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South Valley Riverton Journal

Riverton City Councilmembers host safety townhall

Jun 04, 2024 02:00PM ● By Dylan Wilcox

Chief Wade Watkins gave a demonstration of a firetruck for curious community members and taught kids how firefighters operate heavy equipment to combat flareups. (Photo courtesy Andy Pierucci)

A townhall was hosted by Riverton City Councilmembers Andy Pierucci and Tawnee McCay as well as UFA Battalion Chief Wade Watkins and Police Chief Shane Taylor on April 11 to showcase the city’s progress in public safety. Members of the community got to experience how first responders keep the public safe.

New initiatives are being put into place such as community-oriented policing. Taylor explained community-oriented policing has “proven to be an excellent program for developing a bond between the residents and businesses we serve.”

This policing strategy allows for clear communication and districts to be created which ensures a specific response for an emergency need such as mental distress and other incidents.

“COP districts allow us to communicate directly with residents and be informed of events that must be addressed in the community,” Taylor said. “Five COP districts with law enforcement personnel receive direct emails and information from citizens to serve in non-traditional ways.”

“The one-on-one interaction with multiple outreach programs has proven to be a high benchmark for positive citizen contracts, including a basic understanding of law enforcement with a citizen academy…We feel that having a dedicated officer passionate about community-oriented policing and outreach programs will better serve the Riverton community,” Taylor said. The new initiative is being spearheaded by Officer Mike Ashley.

Watkins gave a demonstration of a firetruck for curious community members and taught kids how firefighters operate heavy equipment to combat flareups.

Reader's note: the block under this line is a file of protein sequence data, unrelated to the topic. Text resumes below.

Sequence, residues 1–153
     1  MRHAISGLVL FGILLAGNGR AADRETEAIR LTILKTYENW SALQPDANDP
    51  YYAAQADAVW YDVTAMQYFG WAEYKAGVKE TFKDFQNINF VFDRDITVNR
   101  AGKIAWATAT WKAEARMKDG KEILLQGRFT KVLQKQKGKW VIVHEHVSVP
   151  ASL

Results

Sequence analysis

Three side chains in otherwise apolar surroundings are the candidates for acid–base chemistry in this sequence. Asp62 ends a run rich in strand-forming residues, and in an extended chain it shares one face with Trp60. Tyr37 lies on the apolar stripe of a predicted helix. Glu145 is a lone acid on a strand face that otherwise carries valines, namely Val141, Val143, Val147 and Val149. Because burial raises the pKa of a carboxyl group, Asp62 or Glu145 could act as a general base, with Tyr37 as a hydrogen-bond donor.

Shifting to a more community-focused public safety strategy will help create greater transparency between the community and first responders.

Pierucci encourages residents to be more involved. “I welcome feedback from residents. As a councilman, I can’t be everyone and see everything. I rely on people reaching out to raise issues when they arise in their neighborhoods. I strive to be responsive to the issues raised and I know our city staff do so as well. At the town hall, Chief Taylor, our police chief, really appreciated the feedback he received from residents on good locations and times for officers to do speed enforcement in their neighborhoods,” Pierucci said.

Pierucci observed that even though Riverton is a safe community, there are still certain types of crime that occur frequently.

“My council district includes Mountain View Village, and there’s been an increase in theft around Mountain View Village. Councilmember McCay has seen some similar challenges in her district. Additionally, our districts are at the forefront of road construction, which sometimes leads to traffic safety issues. We wanted to have a dialogue with residents about these issues and the work our police department and UFA does to keep our community safe,” Pierucci said.

Some other public safety issues residents brought up in the townhall are traffic safety concerns like speeding in residential neighborhoods and commercial vehicles being parked illegally on residential streets. The townhall also discussed a small uptick in theft and burglaries. According to Pierucci, there have also been challenges with the District Attorney’s office’s decision to accept plea bargains on petty theft crimes which allows lawbreakers back on the street.

Surveys conducted by the city last show most residents are satisfied with public safety. The city council hopes to host more public safety townhalls with Riverton residents. λ